Authors’ ideas come from the strangest places. Here, I’ll share one rhetorical question and one brief bit of poetry, both published in USA Victorian-era newspapers (within 6 years of my title’s setting), that contributed to the writing of Isabella’s Calico Groom.
Did Victorians blame tooth decay on worms or germs?
Scientific understanding of dental decay received a huge boost in the work of Dr. Willoughby Miller, an American dentist in Germany in the late 19th century. His publication of his microbiology discoveries, Micro-Organisms of the Human Mouth, eradicated old myths and brought about “an unprecedented interest in oral hygiene”… and occurred just in time to contribute to my novella’s [Isabella’s Calico Groom] setting and characters’ development.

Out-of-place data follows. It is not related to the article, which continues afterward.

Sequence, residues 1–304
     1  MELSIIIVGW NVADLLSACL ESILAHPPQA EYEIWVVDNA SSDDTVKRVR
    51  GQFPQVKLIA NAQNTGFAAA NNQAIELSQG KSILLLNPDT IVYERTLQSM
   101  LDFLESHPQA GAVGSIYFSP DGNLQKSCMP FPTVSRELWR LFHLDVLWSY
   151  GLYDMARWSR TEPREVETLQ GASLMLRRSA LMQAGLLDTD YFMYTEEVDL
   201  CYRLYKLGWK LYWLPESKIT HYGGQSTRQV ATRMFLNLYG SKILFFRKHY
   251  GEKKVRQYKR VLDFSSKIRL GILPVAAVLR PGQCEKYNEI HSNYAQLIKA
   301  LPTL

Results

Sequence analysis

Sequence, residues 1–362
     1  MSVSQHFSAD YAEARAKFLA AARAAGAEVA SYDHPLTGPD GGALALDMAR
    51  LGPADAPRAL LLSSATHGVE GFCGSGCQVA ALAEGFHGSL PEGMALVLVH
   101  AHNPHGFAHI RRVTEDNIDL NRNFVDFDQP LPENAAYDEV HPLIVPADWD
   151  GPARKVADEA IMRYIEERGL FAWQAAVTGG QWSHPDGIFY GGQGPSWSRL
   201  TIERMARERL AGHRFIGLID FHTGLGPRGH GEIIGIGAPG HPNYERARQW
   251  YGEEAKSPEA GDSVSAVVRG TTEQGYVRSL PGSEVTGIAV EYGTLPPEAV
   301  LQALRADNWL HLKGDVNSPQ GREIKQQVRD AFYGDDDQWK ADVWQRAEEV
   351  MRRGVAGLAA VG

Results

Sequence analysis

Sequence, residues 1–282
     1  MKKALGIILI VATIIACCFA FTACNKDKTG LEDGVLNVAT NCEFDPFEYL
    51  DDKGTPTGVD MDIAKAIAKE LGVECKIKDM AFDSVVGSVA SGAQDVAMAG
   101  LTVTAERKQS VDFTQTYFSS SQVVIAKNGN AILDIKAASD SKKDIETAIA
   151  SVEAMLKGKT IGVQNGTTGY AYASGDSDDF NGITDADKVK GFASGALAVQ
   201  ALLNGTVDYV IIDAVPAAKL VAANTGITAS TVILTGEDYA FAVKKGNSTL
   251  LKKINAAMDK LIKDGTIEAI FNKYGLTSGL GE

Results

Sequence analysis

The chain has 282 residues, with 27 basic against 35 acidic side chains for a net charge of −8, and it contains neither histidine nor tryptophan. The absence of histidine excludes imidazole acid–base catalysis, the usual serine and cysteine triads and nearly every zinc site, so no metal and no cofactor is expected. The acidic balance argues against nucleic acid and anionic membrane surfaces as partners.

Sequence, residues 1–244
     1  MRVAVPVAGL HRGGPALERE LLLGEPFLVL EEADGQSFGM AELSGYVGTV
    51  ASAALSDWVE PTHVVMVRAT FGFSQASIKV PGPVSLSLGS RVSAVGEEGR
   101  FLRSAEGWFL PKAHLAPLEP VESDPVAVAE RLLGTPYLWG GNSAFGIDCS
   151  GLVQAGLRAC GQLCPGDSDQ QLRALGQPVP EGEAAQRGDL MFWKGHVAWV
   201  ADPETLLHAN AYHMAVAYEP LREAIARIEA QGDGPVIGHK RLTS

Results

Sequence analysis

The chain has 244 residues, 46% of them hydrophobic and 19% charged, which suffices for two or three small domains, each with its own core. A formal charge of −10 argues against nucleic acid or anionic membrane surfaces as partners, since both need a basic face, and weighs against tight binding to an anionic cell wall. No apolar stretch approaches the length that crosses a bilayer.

What is a Dental Dispensary (as seen in Isabella’s Calico Groom)? Compared to true-to-history dispensaries for medical care and eye troubles, this component of medical care to meet the needs of the poor was a real thing in the 19th century United States.
While researching dentistry in 1890 for an accurate setting for my title, Isabella’s Calico Groom, I was quite surprised by how advanced and “modern” (by today’s standards) dentistry was. Significant advances in dentistry had occurred in the previous decades, making dentistry truly “modern” compared to patients’ previous experiences. The sheer quantity and magnitude of improvements in dentistry qualify dentists of the 1890s to claim “Modern Dentistry” in their advertisements.
I found a book for writers, instructing how to plot a romance so all the essential elements are present, and the book was SO valuable, helped so much, I can’t keep this excellent find to myself. Come see my 5-star review for Gwen Hayes’s Romancing the Beat: Story Structure for Romance Novels.